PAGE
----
6. C. Kirabo Jackson, 2009. "Ability-grouping and Academic Inequality: Evidence From Rule-based Student Assignments," NBER Working Papers 14911, National Bureau of Economic Research, Inc.
    7. Grant, William C. & Anstrom, Kevin J., 2008. "Minimizing selection bias in randomized trials: A Nash equilibrium approach to optimal randomization," Journal of Economic Behavior & Organization, Elsevier, vol. 66(3-4), pages 606-624, June.
    8. Esther Duflo, 2001. "Schooling and Labor Market Consequences of School Construction in Indonesia: Evidence from an Unusual Policy Experiment," American Economic Review, American Economic Association, vol. 91(4), pages 795-813, September.
    9. Andrabi, Tahir & Das, Jishnu & Khwaja, Asim Ijaz, 2013. "Students today, teachers tomorrow: Identifying constraints on the provision of education," Journal of Public Economics, Elsevier, vol. 100(C), pages 1-14.
    10. Denis Conniffe & Vanessa Gash & Philip J., 2000. "Evaluating Programmes: Experiments, Non-Experiments and Propensity Scores," Papers WP126, Economic and Social Research Institute (ESRI).
    11. C. Kirabo Jackson, 2010. "The Effects of an Incentive-Based High-School Intervention on College Outcomes," NBER Working Papers 15722, National Bureau of Economic Research, Inc.
    12. Porto, Guido, 2011. "Methods for Program Evaluation," Papers 197, World Trade Institute.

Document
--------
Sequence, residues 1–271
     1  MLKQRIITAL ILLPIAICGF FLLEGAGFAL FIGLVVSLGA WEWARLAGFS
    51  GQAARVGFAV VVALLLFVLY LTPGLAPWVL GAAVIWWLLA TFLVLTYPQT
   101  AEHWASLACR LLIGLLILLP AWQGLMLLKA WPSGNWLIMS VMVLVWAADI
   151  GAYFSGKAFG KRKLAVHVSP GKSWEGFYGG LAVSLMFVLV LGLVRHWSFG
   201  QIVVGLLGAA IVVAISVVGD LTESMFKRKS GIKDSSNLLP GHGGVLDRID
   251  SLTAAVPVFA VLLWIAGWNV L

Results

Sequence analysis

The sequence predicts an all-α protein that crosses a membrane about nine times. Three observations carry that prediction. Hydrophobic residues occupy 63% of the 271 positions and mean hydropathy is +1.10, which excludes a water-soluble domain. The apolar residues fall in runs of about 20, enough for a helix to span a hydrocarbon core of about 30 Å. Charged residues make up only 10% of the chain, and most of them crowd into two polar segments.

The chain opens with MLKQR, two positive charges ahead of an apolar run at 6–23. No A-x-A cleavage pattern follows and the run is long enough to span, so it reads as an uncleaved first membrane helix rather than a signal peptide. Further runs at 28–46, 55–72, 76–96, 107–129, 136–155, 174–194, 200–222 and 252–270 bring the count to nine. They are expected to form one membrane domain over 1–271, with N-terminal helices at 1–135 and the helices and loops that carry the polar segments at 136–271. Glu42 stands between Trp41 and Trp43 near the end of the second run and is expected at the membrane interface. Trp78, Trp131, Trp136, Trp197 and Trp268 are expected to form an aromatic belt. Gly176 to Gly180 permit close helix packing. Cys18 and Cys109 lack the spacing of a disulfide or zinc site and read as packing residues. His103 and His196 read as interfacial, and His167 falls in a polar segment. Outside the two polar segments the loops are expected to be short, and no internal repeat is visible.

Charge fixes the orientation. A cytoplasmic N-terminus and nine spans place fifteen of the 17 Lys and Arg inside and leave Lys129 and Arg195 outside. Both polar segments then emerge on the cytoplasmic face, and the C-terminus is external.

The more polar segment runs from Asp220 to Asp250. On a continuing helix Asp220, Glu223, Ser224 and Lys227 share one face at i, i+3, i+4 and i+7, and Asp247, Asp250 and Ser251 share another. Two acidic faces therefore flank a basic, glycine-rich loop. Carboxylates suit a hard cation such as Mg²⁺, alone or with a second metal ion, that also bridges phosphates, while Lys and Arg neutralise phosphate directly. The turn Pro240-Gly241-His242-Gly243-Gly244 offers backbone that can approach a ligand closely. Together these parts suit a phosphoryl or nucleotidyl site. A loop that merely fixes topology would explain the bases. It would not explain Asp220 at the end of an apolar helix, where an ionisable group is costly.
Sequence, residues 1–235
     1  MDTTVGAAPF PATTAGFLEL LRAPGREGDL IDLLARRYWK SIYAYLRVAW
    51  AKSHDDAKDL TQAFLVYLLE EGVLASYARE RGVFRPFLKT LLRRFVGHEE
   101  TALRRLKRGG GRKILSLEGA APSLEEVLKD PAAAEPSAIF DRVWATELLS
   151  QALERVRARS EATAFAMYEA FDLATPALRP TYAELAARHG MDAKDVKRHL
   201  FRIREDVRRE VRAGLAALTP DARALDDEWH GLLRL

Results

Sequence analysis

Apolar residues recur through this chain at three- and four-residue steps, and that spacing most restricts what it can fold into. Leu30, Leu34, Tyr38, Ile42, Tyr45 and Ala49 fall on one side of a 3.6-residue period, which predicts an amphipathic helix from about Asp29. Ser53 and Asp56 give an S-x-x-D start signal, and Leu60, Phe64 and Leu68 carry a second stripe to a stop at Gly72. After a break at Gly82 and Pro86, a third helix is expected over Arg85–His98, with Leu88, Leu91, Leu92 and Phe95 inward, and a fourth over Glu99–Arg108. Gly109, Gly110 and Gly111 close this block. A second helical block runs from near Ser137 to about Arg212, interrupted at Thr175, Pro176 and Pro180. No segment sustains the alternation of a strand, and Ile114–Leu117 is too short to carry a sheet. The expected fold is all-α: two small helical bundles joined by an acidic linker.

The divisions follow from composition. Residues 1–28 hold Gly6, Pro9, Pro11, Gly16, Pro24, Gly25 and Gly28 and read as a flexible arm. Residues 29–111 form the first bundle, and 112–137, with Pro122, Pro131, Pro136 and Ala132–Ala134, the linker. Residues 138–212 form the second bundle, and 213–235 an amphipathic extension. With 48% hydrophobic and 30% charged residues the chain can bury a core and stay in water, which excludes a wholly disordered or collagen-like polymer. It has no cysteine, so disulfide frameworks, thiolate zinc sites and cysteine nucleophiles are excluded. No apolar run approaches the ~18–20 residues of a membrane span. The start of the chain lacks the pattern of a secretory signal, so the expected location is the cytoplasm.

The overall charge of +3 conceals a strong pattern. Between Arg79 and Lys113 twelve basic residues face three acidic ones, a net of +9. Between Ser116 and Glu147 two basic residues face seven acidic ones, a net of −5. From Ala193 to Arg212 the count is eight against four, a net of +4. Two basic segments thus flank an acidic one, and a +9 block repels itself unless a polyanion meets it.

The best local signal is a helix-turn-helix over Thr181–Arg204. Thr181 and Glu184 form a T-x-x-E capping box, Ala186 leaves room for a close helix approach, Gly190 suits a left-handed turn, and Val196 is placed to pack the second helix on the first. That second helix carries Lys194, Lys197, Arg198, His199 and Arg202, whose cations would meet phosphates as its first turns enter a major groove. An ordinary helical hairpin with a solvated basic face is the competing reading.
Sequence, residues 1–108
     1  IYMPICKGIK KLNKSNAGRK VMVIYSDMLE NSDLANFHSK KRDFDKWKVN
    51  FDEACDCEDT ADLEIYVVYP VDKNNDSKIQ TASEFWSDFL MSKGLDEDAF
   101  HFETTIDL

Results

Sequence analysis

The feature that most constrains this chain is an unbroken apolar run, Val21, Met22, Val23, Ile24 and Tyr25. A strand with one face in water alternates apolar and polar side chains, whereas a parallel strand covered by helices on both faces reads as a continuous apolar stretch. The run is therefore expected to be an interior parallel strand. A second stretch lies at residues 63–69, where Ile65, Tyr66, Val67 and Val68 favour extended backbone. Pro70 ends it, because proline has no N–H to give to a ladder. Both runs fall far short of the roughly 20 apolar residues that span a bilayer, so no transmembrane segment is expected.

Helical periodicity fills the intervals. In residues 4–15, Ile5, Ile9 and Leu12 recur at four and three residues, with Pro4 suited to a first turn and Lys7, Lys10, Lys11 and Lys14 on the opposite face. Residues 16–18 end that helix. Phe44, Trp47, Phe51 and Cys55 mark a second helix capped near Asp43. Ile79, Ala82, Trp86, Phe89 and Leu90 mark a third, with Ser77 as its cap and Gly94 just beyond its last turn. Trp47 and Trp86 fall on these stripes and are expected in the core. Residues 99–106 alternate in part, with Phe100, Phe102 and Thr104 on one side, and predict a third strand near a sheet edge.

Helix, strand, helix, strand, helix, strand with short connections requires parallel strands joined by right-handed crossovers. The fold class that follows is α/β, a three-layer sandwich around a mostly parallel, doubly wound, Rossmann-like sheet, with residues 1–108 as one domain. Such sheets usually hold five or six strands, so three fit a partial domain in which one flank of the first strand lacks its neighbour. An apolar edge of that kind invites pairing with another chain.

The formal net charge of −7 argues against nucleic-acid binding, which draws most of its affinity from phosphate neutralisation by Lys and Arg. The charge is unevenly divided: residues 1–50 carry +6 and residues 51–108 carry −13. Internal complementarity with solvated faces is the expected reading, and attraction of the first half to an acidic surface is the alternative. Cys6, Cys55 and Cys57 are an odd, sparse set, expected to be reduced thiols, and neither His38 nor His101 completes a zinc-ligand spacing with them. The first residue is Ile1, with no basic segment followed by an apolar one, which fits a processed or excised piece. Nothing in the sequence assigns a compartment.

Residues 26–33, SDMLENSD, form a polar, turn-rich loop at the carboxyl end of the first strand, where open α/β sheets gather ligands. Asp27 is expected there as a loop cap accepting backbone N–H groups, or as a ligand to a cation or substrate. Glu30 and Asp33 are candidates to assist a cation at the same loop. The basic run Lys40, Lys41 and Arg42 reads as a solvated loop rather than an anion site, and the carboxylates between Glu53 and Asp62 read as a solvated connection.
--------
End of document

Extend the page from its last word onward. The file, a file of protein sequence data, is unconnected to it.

13. Spohr, Chris A., 2003. "Formal schooling and workforce participation in a rapidly developing economy: evidence from "compulsory" junior high school in Taiwan," Journal of Development Economics, Elsevier, vol. 70(2), pages 291-327, April.
    14. Jackson, C. Kirabo, 2013. "Can higher-achieving peers explain the benefits to attending selective schools? Evidence from Trinidad and Tobago," Journal of Public Economics, Elsevier, vol. 108(C), pages 63-77.
    15. Nevo, Aviv, 2003. "Using Weights to Adjust for Sample Selection When Auxiliary Information Is Available," Journal of Business & Economic Statistics, American Statistical Association, vol. 21(1), pages 43-52, January.
    16. Gravelle, Hugh & Dusheiko, Mark & Sutton, Matthew, 2002. "The demand for elective surgery in a public system: time and money prices in the UK National Health Service," Journal of Health Economics, Elsevier, vol. 21(3), pages 423-449, May.
    17. Denis Conniffe & Vanessa Gash & Philip J. O'Connell, 2000. "Evaluating State Programmes - “Natural Experiments” and Propensity Scores," The Economic and Social Review, Economic and Social Studies, vol. 31(4), pages 283-308.
    18. Mark Dusheiko & Hugh Gravelle & Stephen Campbell, "undated". "Estimating and explaining differences in income related inequality in health across general practices," Discussion Papers 02/07, Department of Economics, University of York.

    More about this item

    JEL classification:

    • C24 - Mathematical and Quantitative Methods - - Single Equation Models; Single Variables - - - Truncated and Censored Models; Switching Regression Models; Threshold Regression Models
    • J31 - Labor and Demographic Economics - - Wages, Compensation, and Labor Costs - - - Wage Level and Structure; Wage Differentials